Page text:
In some embodiments the CCR supply 103 may be ground for a given amount of time to achieve a desired average particle size. The amount of time the CCR supply 103 is ground may be dependent on, inter alia, the original size of the particles of the CCR supply 103, the chemical properties of the CCR supply 103, the source of the CCR supply 103, the pH of the acid waste stream 101, and/or the desired pH of treated stream effluent. In some embodiments samples of the CCR supply 103 may be analyzed to approximate average particle size, range of particle sizes, mean particle size, etc. For example, in some embodiments a sample of ground CCR supply 103 may be placed in an atomizer and measured with a laser to determine an approximate average particle size.

One of ordinary skill in the art, having had the benefit of the present disclosure, will recognize and appreciate that in alternative embodiments other CCR supplies may be utilized and that such CCR supplies may optionally be alternatively delivered to the treatment system 100. Moreover, although an alkaline CCR supply configured to reduce the acidity of acidic waste stream 101 is depicted in the embodiment of FIG. 1, it is understood that in alternative embodiments the CCR supply 103 may be acidic and optionally utilized to neutralize a basic waste stream.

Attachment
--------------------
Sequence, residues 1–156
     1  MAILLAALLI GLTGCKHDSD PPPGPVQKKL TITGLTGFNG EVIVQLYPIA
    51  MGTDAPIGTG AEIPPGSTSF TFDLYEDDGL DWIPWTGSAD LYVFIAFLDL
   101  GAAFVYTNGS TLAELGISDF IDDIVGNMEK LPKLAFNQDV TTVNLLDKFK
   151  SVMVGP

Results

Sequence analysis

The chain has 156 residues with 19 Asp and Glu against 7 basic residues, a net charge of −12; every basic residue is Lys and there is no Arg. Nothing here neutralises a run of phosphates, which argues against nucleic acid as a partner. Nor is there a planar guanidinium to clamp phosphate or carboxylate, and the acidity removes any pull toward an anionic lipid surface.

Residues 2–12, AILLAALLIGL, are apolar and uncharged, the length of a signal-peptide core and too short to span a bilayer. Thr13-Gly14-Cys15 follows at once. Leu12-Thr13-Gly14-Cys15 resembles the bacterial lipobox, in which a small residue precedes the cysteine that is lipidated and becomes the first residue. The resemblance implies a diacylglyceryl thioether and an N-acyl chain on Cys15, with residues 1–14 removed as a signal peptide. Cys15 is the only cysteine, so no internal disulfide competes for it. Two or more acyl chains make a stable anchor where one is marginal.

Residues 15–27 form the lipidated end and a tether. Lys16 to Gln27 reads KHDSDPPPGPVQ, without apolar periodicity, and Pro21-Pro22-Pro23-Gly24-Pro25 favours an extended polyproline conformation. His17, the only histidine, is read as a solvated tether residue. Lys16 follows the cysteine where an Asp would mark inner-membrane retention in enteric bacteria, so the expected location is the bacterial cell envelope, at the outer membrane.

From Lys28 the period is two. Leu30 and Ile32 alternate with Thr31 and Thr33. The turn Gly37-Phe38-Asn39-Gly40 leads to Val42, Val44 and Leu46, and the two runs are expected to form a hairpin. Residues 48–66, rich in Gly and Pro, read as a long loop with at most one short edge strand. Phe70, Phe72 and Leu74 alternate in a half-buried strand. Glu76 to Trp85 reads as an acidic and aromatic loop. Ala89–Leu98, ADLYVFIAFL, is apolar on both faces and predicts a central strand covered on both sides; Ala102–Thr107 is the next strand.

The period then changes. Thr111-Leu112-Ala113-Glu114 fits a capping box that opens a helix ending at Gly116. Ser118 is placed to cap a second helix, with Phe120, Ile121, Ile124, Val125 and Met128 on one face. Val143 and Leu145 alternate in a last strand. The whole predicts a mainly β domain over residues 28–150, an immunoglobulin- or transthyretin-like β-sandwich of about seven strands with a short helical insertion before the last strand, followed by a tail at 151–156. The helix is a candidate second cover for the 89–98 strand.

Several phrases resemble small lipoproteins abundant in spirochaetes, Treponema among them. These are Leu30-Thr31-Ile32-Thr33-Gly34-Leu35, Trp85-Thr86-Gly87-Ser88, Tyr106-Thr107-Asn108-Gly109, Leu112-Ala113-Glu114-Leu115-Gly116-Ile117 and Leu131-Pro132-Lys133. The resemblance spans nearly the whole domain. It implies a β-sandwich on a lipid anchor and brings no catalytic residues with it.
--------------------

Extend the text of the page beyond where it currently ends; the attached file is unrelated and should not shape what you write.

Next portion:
The acidic waste stream 101 is fed into an acidic waste stream intake 112 of the particle reactor 110 and the CCR supply 103 is fed into a CCR intake 114 of the particle reactor 110. Generally speaking, the particle reactor 110 stores a quantity of the acidic waste stream 101 and a quantity of the CCR supply 103 and optionally facilitates the reaction thereof to thereby form a circum-neutral CCR slurry. As used herein, the terms circum-neutral and circum-neutralized are associated with a pH of the item(s) referenced. In some embodiments the terms circum-neutral and/or circum-neutralized reference a pH of between approximately 4 and 10. In some versions of those embodiments the terms circum-neutral and/or circum-neutralized reference a pH between approximately 6 and 9. In some embodiments the terms circum-neutral and/or circum-neutralized reference a pH that is based on obtaining compliance with one or more permits and/or tests. Although certain items are referenced as being circum-neutral or circum-neutralized in one or more embodiments described herein, one of ordinary skill in the art, having had the benefit of the present disclosure, will recognize and appreciate that in other embodiments one or more of such items may not be circum-neutral or circum-neutralized. For example, in some embodiments it may be desirable to temporarily raise or lower the pH of CCR slurry and/or water effluent during one or more aspects of the treatment method described herein to assist in the precipitation of certain metals. The ratio of the quantity of acidic waste stream 101 to CCR supply 103 within particle reactor 110 at one time may depend on one or more of a variety of factors. For example, the ratio may be dependent on the pH of the CCR supply 103, the pH of the acidic waste stream 101, the particle size distribution of the CCR supply 103, the desired output pH of the reacted CCR slurry, the temperature of the acidic waste stream 101, the presence of any reaction additives that may optionally be added to the mixture, and/or the desired reaction rate. Although an acidic waste stream intake 112 and a separate CCR intake 114 are depicted in FIG. 1 and FIG. 2, one of ordinary skill in the art having had the benefit of the present disclosure will recognize and appreciate that acidic waste stream intake 112 and CCR intake 114 may form a single intake in some embodiments. For example, in some embodiments the acidic waste stream intake 112 and CCR intake 114 may be an actuable lid or cover that, when open, enables the receipt of an acidic waste stream 101 (for example, from an overhead conduit) and CCR supply 103 (for example, from an overhead hopper).